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Warren County Illinois
Genealogy and History

Crime News

Listed in loose alpha order by the surname of the first criminal mentioned in the story

John Baxter, one of the murderers of Col. Davenport, has been again sentenced to death.  The court then read to him the act of the last Illinois Legislature, granting him the choice of being hung or imprisoned in the penitentiary for life. He chose the latter punishment. – St. Louis Union  [The Ottawa Free Trader, Ottawa, Illinois, June 11, 1847]

Chicago, 13.β€”In the trial of John Kudle, Monmouth, Ill., merchant, for conspiracy with the employees of Phelps, Dodge & Palmer, to steal the firms goods, the testimony developed the fact to-day that Henry Spaulding, stockkeeper of the flrm, had been stealing from them for ten years. He could not say how many thousand dollars in the aggregate. He had been promised immunity.
[The Salt Lake Herald.(Salt Lake City [Utah), February 14, 1883]

Near Monmouth, Ill., Edward Nash, an insane youth, shot and killed his mother and sister. [Little Falls Transcript, (Little Falls, MN) April 10, 1885, page 3; Sub. by R. Line]

Negro Captured After Search Lasting Three Years.
Victims Were Slain With Ax as They Slumbered β€” Scene of Operations Covered States of Missouri, Colorado, Illinois, Iowa and Kansas, St Louis
Police Make Arrest of Man Accused of Killings.
St. Louis, March 22. - The investigation of thirty ax murders committed in five states since 1911 was reopened here after the arrest of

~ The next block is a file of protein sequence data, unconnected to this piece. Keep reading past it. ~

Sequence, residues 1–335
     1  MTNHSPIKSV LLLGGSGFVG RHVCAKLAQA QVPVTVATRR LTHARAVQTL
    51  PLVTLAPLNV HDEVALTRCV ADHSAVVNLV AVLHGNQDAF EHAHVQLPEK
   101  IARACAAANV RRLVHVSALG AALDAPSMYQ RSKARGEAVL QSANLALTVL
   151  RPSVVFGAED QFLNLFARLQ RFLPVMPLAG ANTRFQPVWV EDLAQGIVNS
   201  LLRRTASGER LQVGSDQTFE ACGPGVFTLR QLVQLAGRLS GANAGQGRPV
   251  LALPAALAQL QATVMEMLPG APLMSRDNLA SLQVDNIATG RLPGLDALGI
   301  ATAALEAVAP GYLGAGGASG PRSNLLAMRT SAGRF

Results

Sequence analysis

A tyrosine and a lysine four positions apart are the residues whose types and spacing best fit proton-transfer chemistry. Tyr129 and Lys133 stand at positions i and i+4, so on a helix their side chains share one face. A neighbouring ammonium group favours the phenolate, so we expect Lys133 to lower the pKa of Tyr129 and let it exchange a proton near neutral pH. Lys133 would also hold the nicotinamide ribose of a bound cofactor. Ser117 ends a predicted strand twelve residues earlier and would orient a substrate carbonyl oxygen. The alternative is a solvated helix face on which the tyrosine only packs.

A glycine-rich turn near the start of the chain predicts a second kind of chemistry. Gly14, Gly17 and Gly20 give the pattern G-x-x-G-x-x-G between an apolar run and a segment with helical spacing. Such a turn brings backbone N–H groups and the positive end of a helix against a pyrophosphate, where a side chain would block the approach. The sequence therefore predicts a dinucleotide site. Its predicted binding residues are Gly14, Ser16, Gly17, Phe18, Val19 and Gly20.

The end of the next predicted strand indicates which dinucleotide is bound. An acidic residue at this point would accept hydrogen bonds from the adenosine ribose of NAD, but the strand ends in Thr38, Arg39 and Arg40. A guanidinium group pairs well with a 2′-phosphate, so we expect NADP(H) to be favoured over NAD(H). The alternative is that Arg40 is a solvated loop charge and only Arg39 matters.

Loving Mitchell, a negro. The warrant on which Mitchell was arrested charges him with the murder of William B. Dawson, his wife and daughter, who were slain in their home at Monmouth, Ill., the night of Sept. 30, 1911. Since that time communities in Missouri, Illinois, Iowa, Colorado and Kansas have been terrorized by similar crimes. In every instance the murderer killed an entire family as they slept by the blows of an ax. Scores of persons have been arrested, but invariably the police were forced to release them for lack of evident. A list of some of the most notable ax murders follows:
H. C. Wayne, wife and child, and Mrs. A. J. Burnham and two children. Colorado Springs, Colo., September, 1911.
William E. Dawson, wife and daughter, Monmouth, Ill., September, 1911.
William Showman, wife and three children, Ellsworth, Kan., October, 1911.
Rollin Hudson and wife, Paola, Kan., June, 1912
J. E. Moore, four children and two girl guests, Villisca, Ia., June 1912.
Mrs. Mary J. Wilson and Mrs. George Moore, Columbia, Mo., December, 1912
Jacob Neslesla, his wife, their daughter and the latter's infant, Blue Island, Ill., July, 1914.
Mrs. E. B. Matthews, 80, Hartsburg, Mo., October, 1914.
Mitchell's arrest followed a search of more than three years. He had been employed near Monmouth, but disappeared after the murders in the Dawson house. He was later traced to Independence, Mo., and from there to St. Louis. The prisoner was taken back to Monmouth by Chief of Polite Morrison and Mayor Brown of that city. Before leaving, Chief Morrison said: "Dawson, his wife and daughter were murdered by three negroes, two men and a woman; revenge for attentions which the negroes believed Dawson had shown their relatives was the motive for the crime; the negro woman in the case I will arrest soon; the other man is now in the Joliet (Ill.) penitentiary." He added that he had no evidence that these negroes were connected with any other ax murders.
[The Democratic banner.(Mt. Vernon, Ohio), March 23, 1915]


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